Written by Angela Jackson, Director of Adoption Operations and Quality Assurance
In last week’s blog, we looked briefly at the elements of the home study process. This week we will answer some frequently asked questions regarding a home study.
1) How long does a home study take?
A home study takes approximately 3 months from the time a social worker is assigned if all documents have been completed and received. Prior to the social worker assignment, there are documents that the family must submit with each family being different in regards to how long it takes to complete all their documentation. A home study cannot be finalized until all documents and especially clearances have been received.
2) How much does a home study cost?
The cost of the home study depends on what type of adoption you are doing and what state you live in. For Carolina Adoption Services the fee for a domestic home study is $1,800 and for an international home study $2,000. In addition to the fee for the home study, there are additional fees, which include a pre-application fee, education fee, fees to request clearances, and a coordination fee if Carolina Adoption Services is not your placing agency.
3) How long is my home study valid?
Home study validity periods vary by the state you live in. In NC, home studies are valid for 18 months, in SC, they are valid for 12 months and in Virginia, they are valid for 3 years from finalization date. If you have not received a placement of a child before the expiration date, a home study update will be required. If you are doing an international adoption, the home study has to be updated every 15 or 18 months depending on whether you are adopting from a non-Convention or Convention country.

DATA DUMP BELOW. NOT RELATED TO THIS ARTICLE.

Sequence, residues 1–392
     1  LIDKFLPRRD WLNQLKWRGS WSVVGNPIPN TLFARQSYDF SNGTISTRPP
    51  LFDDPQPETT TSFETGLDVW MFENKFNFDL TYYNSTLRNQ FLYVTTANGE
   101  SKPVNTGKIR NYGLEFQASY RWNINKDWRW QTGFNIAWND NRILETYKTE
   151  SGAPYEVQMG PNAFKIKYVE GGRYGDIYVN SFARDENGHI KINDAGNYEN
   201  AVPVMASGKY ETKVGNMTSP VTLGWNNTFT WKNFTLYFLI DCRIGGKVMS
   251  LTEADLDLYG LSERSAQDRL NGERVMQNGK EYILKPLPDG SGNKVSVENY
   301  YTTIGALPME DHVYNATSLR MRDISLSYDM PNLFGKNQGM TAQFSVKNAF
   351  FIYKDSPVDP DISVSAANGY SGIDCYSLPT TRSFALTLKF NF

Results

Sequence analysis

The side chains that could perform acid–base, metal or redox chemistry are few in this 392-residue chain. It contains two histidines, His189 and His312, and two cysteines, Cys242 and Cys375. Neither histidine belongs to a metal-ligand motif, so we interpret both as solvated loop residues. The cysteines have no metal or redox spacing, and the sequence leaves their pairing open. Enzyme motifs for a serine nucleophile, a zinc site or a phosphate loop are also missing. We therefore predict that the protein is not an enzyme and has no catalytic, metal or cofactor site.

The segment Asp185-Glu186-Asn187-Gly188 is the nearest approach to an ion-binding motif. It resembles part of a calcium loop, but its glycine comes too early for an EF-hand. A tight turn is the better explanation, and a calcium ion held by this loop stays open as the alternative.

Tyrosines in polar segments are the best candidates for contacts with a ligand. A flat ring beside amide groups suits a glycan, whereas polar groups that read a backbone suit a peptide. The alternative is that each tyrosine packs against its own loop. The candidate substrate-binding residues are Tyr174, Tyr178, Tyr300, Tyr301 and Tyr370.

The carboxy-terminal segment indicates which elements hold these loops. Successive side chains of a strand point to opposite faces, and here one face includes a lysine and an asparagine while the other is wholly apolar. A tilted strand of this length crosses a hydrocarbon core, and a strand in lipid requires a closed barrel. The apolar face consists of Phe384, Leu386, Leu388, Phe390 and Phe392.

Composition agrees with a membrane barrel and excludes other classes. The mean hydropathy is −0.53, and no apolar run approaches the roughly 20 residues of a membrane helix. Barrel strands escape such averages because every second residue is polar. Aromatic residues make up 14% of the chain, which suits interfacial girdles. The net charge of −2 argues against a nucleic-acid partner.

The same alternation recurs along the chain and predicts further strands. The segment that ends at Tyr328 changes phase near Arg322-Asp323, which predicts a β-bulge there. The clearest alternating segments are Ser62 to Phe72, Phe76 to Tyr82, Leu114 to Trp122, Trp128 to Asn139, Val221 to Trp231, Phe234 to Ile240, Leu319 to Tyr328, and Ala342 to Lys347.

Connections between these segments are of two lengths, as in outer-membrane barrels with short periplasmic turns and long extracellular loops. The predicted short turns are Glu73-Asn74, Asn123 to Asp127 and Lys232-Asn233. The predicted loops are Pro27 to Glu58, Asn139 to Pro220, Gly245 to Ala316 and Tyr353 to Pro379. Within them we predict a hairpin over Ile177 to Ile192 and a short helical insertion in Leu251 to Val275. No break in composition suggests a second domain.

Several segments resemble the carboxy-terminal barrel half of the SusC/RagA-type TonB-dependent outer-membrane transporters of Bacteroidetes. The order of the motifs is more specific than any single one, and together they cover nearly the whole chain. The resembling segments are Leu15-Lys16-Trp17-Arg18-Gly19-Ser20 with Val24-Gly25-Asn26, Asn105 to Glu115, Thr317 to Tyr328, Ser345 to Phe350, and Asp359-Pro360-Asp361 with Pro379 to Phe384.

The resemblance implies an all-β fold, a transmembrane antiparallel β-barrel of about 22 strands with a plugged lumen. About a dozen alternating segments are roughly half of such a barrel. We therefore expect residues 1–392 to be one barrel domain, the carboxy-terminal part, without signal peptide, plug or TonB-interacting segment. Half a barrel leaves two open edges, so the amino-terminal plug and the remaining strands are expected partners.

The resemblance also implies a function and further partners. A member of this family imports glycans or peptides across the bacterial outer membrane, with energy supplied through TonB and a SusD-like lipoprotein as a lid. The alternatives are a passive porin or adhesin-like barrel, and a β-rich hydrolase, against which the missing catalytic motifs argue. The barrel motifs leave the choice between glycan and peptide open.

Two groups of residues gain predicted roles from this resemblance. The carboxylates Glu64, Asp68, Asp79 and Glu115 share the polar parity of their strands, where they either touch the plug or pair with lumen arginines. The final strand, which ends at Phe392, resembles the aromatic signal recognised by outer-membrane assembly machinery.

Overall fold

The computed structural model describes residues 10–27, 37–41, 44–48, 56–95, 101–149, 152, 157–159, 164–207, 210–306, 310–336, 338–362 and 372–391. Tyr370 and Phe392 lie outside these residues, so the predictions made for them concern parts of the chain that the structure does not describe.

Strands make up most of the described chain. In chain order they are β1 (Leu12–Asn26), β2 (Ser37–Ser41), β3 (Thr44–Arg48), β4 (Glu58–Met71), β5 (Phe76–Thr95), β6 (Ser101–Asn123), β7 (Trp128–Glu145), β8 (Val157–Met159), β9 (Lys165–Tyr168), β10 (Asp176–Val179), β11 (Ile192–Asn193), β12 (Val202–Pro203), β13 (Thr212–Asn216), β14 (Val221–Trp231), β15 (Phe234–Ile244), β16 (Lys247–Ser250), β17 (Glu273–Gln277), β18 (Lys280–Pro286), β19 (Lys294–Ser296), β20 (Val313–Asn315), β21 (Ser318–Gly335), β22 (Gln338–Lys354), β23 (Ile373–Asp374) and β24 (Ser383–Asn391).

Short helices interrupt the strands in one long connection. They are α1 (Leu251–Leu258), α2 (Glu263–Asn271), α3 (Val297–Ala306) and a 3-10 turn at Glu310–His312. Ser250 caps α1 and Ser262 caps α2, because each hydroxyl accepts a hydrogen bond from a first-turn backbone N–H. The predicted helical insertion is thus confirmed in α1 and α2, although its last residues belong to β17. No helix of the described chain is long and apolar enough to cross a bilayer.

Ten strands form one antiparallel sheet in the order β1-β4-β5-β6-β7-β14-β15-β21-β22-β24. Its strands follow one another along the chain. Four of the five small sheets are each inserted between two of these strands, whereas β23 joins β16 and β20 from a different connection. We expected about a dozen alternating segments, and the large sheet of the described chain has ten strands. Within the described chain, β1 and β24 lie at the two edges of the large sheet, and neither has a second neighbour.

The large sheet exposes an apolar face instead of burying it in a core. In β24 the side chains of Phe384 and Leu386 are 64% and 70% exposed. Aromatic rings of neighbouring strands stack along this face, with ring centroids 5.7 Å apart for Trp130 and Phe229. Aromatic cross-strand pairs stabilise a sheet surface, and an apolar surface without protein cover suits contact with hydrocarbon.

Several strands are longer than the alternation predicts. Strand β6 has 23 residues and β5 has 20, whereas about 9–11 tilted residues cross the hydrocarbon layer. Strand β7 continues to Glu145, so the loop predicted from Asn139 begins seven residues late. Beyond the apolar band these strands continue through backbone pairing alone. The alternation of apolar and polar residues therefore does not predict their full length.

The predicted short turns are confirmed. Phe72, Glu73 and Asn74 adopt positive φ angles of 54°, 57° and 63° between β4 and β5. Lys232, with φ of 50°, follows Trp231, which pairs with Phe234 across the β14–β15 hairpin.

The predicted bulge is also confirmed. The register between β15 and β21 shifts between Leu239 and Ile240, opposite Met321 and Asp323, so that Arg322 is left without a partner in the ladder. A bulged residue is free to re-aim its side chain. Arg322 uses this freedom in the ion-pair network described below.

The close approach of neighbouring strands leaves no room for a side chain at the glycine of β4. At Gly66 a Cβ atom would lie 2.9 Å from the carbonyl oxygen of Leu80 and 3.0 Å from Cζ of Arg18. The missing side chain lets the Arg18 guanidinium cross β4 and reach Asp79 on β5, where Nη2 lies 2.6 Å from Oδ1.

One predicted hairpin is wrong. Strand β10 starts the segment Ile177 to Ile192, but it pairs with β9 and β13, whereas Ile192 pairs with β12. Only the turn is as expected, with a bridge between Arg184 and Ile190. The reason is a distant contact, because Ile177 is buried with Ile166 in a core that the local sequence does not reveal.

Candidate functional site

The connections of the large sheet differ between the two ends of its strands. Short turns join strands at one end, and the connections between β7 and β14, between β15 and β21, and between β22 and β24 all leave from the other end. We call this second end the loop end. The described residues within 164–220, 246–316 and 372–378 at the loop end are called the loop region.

4) What might disqualify our family from being approved?
Aside from criminal history/child abuse history or overriding safety concerns that would preclude agencies from approving a family, the social worker will thoroughly assess the family’s readiness and ability to provide a permanent loving home for a child. Agencies are not looking for perfect parents or families but are ensuring that the family has proper motivation, preparation, and ability financially, emotionally and medically to parent a child.
5) If we have children at home already, will they be involved in the home study process?
Yes, your children will be included in the home study in some way depending on their age and ability to communicate. The social worker will want to meet all children and assess their feelings toward adoption if age appropriate, their interests and personalities, and how a new sibling would fit into the current family system. Children’s input is important in the overall assessment of the family. The social worker will want to make sure that all members of the family, including children, will love and welcome another child joining the family system.
Check out next week’s article: The Home Study